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NCJRS Abstract

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NCJ Number: 202780 Find in a Library
Title: National Child Sexual Assault Reform Committee
Author(s): Annie Cossins
Date Published: May 2003
Page Count: 6
Sponsoring Agency: Australian Institute of Criminology
Canberra ACT, 2601, Australia
Sale Source: Australian Institute of Criminology
GPO Box 2944
Canberra ACT, 2601,
Australia
Document: PDF
Type: Legislation/Policy Analysis
Format: Document (Online)
Language: English
Country: Australia
Annotation: This paper recommends features for a specialist child sexual offenses court in Australia and describes a pilot project for such a court in New South Wales (Australia).
Abstract: This paper recommends that a child sexual offenses court be established in each jurisdiction in Australia. This recommendation is based on the findings that overseas specialist courts, which have dealt with sex offenses and family violence matters, have reduced disposition times and stay rates, increased the number of cases that go to trial and proceed to sentencing, increased conviction rates and guilty plea rates, and reduced complainants' experiences of secondary trauma. This paper recommends that such a specialist court in Australia would have exclusive jurisdiction over child sexual abuse cases. A data-collection method would be established to allow for an evaluation of the court's effectiveness, and a specific agency would be assigned responsibility for managing, monitoring, and evaluating the court. The court would be staffed by specialist judges and prosecutors who are trained in child development. There would be judge-only trials, and court-appointed and trained intermediaries would be used to conduct cross-examination in age-appropriate language on behalf of the defense in order to eliminate contact between defense counsel and the complainant. The trials would be in an adversarial format. There would also be mandatory use of closed-circuit television for a complainant's testimony in chief and cross-examination in accordance with existing legislation. A child witness service would prepare the child for trial proceedings and provide for pretrial and posttrial counseling. New South Wales is conducting a pilot project for the prosecution of child sex offenses with specialized procedures and facilities under the existing district court and local court structures rather than as a separate court. The procedures used include the use of dual plasma screens to allow for split-screen capabilities and document cameras for the transmission of exhibits between the courtroom and the remote room where the child witness resides. The remote room is a secure area with two soundproof rooms that contain closed-circuit television equipment and a reception area and waiting room, as well as a private interview room and a child's playroom. Children are entitled to have a support person with them in the remote room as long as that person is not a witness in the trial. The pilot program will be evaluated within 2 years of the date of its beginning. Outcomes to be evaluated are listed in this paper.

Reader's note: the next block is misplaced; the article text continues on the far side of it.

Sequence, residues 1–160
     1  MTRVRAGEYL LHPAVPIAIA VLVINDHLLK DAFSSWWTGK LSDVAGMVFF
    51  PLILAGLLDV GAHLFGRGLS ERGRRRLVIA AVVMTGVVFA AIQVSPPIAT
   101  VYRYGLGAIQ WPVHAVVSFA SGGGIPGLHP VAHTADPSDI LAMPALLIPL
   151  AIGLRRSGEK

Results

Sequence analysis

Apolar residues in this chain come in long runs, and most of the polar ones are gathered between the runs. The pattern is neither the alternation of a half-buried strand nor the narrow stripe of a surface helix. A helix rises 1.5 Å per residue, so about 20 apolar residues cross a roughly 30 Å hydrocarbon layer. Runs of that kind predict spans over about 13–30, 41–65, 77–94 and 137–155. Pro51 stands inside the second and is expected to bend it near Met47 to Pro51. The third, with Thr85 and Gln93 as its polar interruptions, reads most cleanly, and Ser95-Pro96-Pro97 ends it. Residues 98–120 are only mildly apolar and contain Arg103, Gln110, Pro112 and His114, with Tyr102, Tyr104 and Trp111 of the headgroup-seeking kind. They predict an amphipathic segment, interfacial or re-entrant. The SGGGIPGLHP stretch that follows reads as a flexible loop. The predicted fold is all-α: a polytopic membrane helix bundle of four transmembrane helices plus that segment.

Main Term(s): Juvenile witnesses
Index Term(s): Child Sexual Abuse; Children in the courtroom; Court of limited jurisdiction; Court procedures; Court structure; Criminal Justice System Response to Victims; Foreign courts; Juvenile victims; Victim reactions to the Criminal Justice System; Witness Reactions to the Criminal Justice System
Note: Paper presented at the Child Sexual Abuse: Justice Response or Alternative Resolution Conference held in Adelaide, Australia, May 1-2, 2003; downloaded November 6, 2003.
To cite this abstract, use the following link:
http://www.ncjrs.gov/App/publications/abstract.aspx?ID=202780

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